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Brad Keselowski explains RFK Racing infraction, seeks to move forward

Marty Snider and Dale Jarrett preview this weekend's race at Martinsville and explain why, aside from Phoenix, it may be the most important race within the spring part of the NASCAR calendar.

MARTINSVILLE, Va. — Brad Keselowski said a repaired tail panel was the piece that NASCAR cited in penalizing the team 100 points, $100,000 and more after the March 20 Atlanta race.

RFK Racing lost its appeal this week. Keselowski spoke to reporters Friday at Martinsville Speedway, explaining what happened.

“(The tail panel) had a key feature that NASCAR deemed was not repaired adequately enough,” Keselowski said. “It’s a tough situation. We didn’t want to run the tail panel. We didn’t have any new tail panels to put on the car. We had a tail panel with three races on it and we did some repairs to it. We probably could have done a better job on the repair and we put NASCAR in a tough spot.

“It’s kind of like a trickle-down effect. I wish we had, quite frankly, done a better job repairing it, but we can’t go back on it. I understand NASCAR’s position on it. It’s kind of one of those things where everybody is right and everybody is wrong at the same time. Ultimately, we’ll have to learn to be better for it.”

NASCAR discovered an infraction at its R&D Center.

Keselowski was docked 100 points for a modification of a single-source supplied part. RFK Racing lost 100 points in the owner standings. NASCAR penalized the team 10 playoff points should Keselowski make the playoffs. Crew chief Matt McCall was fined $100,000 and suspended four races. Martinsville will be the third race he misses with this penalty.

RFK Racing appealed, but the National Motorsports Appeals Panel upheld the penalty April 7.

“Our intent to appeal the penalty was to show everybody that we didn’t want to run that tail panel,” said Keselowski, who attended the hearing. “If we had a new one, we would have run it to begin with, so it’s a difficult position. Ultimately, it’s NASCAR’s position that the parts and pieces have to be right. I think we made our repairs in good faith, but probably didn’t do a great job.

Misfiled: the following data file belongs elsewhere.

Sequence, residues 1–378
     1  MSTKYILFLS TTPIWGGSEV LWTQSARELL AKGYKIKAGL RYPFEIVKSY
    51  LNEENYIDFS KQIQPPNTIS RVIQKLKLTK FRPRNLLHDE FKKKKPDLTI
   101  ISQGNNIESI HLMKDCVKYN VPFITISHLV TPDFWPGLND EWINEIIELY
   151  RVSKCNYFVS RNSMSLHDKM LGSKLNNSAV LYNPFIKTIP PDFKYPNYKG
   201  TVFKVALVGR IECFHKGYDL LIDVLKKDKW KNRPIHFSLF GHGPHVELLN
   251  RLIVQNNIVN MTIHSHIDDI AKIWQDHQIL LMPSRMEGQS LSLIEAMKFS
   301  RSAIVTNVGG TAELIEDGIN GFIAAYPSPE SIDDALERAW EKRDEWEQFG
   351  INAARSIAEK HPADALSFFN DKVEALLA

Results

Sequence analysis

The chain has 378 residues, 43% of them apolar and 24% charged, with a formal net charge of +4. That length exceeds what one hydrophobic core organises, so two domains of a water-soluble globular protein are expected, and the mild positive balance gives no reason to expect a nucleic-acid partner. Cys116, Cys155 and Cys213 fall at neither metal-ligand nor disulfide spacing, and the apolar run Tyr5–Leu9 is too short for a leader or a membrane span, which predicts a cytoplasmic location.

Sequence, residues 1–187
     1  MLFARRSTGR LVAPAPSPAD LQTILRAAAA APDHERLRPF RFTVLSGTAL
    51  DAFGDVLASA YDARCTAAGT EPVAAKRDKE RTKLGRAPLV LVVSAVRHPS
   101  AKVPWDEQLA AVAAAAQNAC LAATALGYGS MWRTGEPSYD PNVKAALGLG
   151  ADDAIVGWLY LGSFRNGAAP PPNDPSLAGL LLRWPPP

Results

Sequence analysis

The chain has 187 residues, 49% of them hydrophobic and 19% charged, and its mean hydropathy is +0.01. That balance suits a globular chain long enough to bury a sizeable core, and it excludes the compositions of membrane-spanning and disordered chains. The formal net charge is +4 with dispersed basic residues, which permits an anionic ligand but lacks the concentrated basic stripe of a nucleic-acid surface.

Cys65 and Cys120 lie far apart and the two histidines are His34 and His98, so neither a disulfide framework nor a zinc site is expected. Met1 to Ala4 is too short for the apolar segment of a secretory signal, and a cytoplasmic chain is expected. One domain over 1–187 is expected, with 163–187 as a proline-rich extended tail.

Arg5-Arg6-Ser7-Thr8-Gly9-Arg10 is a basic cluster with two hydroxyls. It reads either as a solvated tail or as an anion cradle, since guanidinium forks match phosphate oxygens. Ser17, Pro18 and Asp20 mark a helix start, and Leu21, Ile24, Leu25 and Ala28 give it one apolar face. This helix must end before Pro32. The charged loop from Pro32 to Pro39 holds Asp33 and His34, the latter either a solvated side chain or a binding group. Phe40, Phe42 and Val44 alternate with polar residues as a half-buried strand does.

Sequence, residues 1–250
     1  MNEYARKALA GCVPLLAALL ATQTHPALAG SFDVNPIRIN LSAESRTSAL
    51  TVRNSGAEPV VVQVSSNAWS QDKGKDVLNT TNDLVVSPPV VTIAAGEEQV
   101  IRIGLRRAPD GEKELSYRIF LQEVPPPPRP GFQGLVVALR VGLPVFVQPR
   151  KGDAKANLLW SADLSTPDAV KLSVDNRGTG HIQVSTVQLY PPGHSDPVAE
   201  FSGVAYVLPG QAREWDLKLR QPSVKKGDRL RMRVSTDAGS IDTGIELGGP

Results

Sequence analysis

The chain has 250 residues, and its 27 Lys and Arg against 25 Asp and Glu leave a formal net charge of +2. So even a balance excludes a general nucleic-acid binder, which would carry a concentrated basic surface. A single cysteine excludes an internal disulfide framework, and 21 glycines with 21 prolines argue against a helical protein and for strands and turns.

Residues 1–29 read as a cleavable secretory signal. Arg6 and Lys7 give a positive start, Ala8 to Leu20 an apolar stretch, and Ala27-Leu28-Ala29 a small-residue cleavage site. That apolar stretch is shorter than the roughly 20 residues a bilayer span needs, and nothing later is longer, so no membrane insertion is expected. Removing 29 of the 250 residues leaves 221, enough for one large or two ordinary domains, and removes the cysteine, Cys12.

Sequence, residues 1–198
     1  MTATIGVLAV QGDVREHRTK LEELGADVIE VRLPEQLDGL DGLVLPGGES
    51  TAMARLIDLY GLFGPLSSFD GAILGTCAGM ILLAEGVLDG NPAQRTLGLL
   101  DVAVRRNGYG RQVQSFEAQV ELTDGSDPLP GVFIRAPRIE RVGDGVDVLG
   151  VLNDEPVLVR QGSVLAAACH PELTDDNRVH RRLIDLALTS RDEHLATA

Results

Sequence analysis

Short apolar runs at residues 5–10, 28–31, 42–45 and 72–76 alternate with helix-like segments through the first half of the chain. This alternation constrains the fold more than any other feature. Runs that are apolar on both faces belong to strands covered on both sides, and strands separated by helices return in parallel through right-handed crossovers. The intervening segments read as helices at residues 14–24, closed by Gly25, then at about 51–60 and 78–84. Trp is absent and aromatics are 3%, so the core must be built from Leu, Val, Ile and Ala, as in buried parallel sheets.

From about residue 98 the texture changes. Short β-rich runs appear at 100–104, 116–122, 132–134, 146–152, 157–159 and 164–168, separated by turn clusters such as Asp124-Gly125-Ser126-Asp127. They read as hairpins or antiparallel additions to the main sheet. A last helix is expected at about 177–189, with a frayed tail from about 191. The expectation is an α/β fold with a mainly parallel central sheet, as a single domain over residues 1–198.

“Did I think there was a competitive advantage? Probably not, but we put NASCAR in a tough position of having to make a judgment call and that’s not fair to them, so it’s one of those situations where I don’t think anybody is really wrong and nobody is really right.

“It’s probably one of those situations that if we could repeat, we would have begged, borrowed and stole a new tail and put it on the car, but that’s not the world we were living in. I’m glad that that’s being fixed, but this is the world we’re in now and we’ll go make the most of it.”

RFK Racing announced it would not appeal the decision to the National Motorsports Final Appeals Officer.

“It’s time for us to move on and focus on what we need to win, and the rest of it is just noise to us,” Keselowski said.

He qualified ninth Friday. Teammate Chris Buescher qualified fourth for Saturday’s race (7:30 p.m. ET on FS1). It’s a big step for a team that failed to have either car advance to the feature in the Clash at the Los Angeles Memorial Coliseum in February.

“We’ve made major progress,” Keselowski said. “We unloaded at the Coliseum and we were a mile off. We didn’t get where we need to be. Both cars missed the main race and today we’ve got two cars in the top 10. … We’re significantly more competitive and starting to get our feet underneath us.”

Keselowski needs to be. He’s 31st in points entering Saturday night’s race.

“I don’t think you’re going to make the playoffs if you don’t win races this year,” he said. “Not that the penalty doesn’t hurt, not that it’s not impactful, it is.”